Birkenfeld rails against "gross" injustice
Bradley Birkenfeld, the man who revealed the tax fraud scandal at bank UBS, says he is the victim of a gross miscarriage of justice.
In an exclusive interview with swissinfo.ch, Birkenfeld talks about why he ended up behind bars, and denounces the corruption, which he says characterises relations between the banks and political circles.
The former UBS banker has been in jail in the United States since January 8. He is sitting out a 40-month sentence for conspiracy to defraud at the federal prison of Minersville in Pennsylvania.
Birkenfeld cooperated with a US investigation into wealthy Americans who used Swiss bank accounts to evade federal taxes. This interview is his first with a non-American medium since he began his term.
The US Department of Justice (DOJ) refused to comment on Birkenfeld’s accusations.
swissinfo.ch: You’ve been in jail since January. What’s your predominant feeling about that?
Bradley Birkenfeld: It’s an injustice. I’m handling it as best as could be expected, considering that I’m the most famous whistleblower in the United States who’s uncovered the biggest tax fraud in the history of the country.
swissinfo.ch: In your opinion, why are you in jail?
B.B.: Because of a gross miscarriage of justice. The Department of Justice is putting me in jail but none other is serving time in the UBS case. Now, the real question is: where was DOJ when illegal business was going on under their noses and for decades? It’s either that they were too incompetent to see it or unwilling to deal with it.
swissinfo.ch: Which is it?
B.B.: I think they are corrupt at DOJ. Martin Liechti [Birkenfeld’s former boss and UBS head of wealth management for American customers] was allowed to take the fifth amendment against self-incrimination when he testified in Congress and he was released after a brief time in jail and without ever being charged. As far as UBS [is concerned], the bank received $5 billion in TARP money [funds given by the US government to some financial institutions under the Troubled Asset Relief Program to address the credit crisis], it also got an agreement between the US and Swiss government that stops legal action but UBS has still given no names of clients and the bank was fined just 780 million.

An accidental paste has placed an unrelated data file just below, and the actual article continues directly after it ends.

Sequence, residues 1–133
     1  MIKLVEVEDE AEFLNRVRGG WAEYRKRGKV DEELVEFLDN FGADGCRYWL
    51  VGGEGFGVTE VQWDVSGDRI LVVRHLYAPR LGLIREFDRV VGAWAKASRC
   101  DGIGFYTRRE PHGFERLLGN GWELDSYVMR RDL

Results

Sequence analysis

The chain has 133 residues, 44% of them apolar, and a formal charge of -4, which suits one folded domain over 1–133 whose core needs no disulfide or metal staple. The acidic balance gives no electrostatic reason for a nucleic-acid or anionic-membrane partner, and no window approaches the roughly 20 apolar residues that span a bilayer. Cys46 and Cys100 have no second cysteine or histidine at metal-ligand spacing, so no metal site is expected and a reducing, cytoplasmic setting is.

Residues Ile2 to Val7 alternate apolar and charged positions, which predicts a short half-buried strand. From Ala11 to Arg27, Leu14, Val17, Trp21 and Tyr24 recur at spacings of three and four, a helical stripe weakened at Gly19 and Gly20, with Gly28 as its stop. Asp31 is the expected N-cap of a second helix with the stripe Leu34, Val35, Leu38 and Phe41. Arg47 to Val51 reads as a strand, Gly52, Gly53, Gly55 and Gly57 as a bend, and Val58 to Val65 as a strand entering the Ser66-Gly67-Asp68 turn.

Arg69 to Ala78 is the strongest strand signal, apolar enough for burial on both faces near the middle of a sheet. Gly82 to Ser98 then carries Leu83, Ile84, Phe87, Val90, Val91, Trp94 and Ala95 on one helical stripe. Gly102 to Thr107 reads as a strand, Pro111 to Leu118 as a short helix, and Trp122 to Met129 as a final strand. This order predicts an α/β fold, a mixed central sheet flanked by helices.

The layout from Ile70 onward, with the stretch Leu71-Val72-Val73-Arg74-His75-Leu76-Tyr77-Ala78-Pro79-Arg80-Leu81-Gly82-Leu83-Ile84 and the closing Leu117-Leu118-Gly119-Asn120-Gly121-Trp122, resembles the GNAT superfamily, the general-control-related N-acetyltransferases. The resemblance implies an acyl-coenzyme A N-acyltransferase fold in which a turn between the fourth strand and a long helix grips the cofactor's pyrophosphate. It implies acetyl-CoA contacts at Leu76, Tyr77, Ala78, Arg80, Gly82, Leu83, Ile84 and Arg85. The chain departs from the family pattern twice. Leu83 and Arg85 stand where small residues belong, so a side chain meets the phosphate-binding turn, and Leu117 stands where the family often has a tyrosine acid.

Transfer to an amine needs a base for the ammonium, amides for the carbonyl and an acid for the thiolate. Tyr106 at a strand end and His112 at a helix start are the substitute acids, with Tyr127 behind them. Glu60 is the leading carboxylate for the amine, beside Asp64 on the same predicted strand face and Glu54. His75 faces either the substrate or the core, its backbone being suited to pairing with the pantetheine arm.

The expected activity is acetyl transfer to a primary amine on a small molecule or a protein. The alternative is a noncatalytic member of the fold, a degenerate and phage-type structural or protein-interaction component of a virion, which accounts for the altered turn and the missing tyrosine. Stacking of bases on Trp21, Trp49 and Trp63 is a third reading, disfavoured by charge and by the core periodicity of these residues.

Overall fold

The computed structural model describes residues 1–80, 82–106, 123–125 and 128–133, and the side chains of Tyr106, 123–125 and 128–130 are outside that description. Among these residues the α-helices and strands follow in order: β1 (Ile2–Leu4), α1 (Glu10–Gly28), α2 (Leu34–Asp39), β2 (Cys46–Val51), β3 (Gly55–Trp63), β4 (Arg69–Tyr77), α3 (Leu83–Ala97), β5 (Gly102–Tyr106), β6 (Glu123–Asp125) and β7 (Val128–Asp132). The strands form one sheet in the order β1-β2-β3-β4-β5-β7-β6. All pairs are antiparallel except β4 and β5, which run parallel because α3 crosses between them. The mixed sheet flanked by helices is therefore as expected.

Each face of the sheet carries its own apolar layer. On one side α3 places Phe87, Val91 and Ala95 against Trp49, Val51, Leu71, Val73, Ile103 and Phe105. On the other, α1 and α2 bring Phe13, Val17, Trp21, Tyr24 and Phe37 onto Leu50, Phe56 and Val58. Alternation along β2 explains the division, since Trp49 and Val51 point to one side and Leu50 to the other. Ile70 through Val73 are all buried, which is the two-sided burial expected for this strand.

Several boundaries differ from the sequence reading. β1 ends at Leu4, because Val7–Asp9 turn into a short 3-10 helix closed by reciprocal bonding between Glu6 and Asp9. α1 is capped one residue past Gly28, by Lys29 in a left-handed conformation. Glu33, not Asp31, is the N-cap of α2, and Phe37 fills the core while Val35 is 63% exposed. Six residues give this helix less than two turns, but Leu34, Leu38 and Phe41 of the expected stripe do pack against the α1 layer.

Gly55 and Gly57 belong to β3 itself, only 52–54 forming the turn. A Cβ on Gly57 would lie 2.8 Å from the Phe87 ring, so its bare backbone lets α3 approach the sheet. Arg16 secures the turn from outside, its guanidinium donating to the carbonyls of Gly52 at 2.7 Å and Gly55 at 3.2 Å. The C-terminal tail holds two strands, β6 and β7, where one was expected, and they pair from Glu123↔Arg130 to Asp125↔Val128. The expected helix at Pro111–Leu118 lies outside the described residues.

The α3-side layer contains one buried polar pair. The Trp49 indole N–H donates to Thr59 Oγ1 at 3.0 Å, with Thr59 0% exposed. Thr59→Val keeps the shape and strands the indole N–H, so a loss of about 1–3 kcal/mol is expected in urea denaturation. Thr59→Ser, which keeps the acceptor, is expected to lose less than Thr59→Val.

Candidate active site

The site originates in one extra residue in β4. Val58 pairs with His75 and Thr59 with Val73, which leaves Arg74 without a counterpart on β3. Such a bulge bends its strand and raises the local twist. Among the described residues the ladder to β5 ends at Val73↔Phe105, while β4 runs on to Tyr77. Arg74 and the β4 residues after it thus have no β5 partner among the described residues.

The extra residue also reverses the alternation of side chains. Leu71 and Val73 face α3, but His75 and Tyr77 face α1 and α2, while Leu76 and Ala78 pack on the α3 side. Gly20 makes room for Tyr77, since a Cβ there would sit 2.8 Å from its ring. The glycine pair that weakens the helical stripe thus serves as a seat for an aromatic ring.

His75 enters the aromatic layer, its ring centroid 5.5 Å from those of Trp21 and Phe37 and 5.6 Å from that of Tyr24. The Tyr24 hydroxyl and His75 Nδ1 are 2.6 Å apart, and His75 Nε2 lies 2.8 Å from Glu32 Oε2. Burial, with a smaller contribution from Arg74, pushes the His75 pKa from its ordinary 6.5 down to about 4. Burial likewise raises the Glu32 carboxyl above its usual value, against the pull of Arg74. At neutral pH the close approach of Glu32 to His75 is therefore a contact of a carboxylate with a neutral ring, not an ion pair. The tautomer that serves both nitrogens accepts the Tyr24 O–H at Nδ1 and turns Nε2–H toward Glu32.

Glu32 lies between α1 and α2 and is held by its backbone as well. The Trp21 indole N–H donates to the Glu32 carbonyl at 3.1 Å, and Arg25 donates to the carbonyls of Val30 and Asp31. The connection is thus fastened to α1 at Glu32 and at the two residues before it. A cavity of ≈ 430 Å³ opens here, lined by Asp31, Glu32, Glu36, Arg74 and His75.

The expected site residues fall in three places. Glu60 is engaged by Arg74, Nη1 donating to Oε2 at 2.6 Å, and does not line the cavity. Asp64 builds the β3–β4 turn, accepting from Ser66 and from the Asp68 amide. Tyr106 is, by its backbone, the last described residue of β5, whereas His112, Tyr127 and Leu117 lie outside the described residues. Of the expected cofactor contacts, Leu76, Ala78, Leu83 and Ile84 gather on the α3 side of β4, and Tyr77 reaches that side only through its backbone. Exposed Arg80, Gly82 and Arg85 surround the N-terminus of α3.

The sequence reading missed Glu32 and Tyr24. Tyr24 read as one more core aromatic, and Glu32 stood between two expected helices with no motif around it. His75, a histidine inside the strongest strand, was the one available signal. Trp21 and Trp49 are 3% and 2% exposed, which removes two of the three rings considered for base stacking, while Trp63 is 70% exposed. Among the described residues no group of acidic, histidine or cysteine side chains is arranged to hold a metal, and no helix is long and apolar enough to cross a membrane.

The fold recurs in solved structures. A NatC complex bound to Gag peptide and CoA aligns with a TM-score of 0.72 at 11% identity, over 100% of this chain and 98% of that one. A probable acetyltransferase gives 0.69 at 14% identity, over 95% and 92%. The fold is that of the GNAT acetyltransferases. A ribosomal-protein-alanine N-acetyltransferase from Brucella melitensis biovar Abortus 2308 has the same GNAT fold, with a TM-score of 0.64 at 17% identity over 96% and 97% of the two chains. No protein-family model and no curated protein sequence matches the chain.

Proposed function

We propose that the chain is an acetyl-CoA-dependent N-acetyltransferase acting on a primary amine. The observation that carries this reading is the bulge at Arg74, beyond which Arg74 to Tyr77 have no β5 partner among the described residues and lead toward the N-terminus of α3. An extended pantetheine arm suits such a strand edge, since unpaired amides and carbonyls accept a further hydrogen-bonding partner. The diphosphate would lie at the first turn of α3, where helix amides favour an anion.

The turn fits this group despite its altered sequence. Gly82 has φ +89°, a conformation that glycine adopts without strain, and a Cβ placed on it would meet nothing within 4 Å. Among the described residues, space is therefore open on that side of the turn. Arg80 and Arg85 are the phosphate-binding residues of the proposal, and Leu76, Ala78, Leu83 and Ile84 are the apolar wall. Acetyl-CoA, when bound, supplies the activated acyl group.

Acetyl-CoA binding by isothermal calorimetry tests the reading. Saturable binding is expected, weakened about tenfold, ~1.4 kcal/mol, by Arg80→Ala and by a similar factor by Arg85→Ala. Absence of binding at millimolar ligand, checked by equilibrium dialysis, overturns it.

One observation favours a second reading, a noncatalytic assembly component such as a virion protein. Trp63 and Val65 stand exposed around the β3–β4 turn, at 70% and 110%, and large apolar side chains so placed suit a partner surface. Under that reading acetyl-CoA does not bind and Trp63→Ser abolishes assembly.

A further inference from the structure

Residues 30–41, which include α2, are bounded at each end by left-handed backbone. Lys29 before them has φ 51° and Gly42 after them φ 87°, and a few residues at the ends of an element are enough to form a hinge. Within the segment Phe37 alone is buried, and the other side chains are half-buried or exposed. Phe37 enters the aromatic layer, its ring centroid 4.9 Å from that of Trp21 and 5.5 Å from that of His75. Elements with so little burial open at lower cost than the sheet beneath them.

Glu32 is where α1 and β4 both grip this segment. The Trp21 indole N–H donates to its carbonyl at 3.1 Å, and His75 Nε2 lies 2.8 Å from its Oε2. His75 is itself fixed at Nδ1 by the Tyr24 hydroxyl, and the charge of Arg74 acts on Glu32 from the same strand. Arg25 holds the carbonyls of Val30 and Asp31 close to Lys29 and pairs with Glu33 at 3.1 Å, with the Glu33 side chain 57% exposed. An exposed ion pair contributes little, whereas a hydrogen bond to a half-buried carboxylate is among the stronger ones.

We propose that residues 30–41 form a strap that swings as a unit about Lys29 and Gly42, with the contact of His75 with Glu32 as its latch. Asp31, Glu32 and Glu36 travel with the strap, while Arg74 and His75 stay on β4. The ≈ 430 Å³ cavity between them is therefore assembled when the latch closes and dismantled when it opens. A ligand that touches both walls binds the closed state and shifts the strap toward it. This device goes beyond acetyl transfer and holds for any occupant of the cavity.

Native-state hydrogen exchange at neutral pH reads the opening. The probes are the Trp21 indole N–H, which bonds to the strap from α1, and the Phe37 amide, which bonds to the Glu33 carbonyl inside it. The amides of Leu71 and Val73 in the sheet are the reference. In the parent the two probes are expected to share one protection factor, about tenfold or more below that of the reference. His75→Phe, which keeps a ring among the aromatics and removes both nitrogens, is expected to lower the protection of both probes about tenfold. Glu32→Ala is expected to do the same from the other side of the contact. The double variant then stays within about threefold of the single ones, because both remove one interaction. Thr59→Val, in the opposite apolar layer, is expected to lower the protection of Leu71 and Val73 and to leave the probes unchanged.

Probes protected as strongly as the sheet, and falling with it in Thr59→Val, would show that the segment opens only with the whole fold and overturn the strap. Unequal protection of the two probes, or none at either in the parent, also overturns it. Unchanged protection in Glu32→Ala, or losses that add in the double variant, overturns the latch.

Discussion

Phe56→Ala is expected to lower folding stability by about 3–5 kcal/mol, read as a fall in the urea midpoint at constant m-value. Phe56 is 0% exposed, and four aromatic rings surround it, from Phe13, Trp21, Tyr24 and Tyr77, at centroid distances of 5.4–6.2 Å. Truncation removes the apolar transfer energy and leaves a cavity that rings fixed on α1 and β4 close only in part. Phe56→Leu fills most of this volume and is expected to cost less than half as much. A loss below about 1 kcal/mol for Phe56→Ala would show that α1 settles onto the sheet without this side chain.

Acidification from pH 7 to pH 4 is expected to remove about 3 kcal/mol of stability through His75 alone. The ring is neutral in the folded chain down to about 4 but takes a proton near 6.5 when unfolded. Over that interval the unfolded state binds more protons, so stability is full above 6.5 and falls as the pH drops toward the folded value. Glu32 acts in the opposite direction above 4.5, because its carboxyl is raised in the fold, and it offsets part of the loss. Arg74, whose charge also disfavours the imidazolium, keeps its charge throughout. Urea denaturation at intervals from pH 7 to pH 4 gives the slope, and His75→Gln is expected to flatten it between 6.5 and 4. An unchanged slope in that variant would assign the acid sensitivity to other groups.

I am also in jail because I made the Justice Department look bad. It took a whistleblower to uncover the biggest fraud case in US history while DOJ could not or would not uncover it.
swissinfo.ch: Why did you come forward and blow the whistle?
B.B.: Because it was wrong what was going on at UBS. I’d go back to what President Kennedy said: “ask not what your country can do for you, ask what you can do for your country “. I’ve delivered on that and I have even far exceeded that call.
swissinfo.ch: Did the fact that you participated in some aspects of the scheme to hide UBS client assets from US tax authorities hurt your case? This image of you transporting diamonds in tube of toothpaste seems to have stuck in people’s minds.
B.B.: It’s something that I should not have done. But the case we’re talking about involves 19,000 clients of UBS and $20 billion of fraud. I did not initiate or create this business. It started before I was born, in 1965, and before I started working for UBS, in 2001.
swissinfo.ch: Did the fact that the UBS list of American clients includes wealthy people have any impact on your case ?
B.B.: Absolutely! There are very rich and politically powerful people on that list. So far, DOJ has prosecuted 14 cases since February 2009. That comes to about one a month. At this rate, it would take them 400 years to prosecute the 4,500 accounts that the Swiss government has agreed to turn over to the US!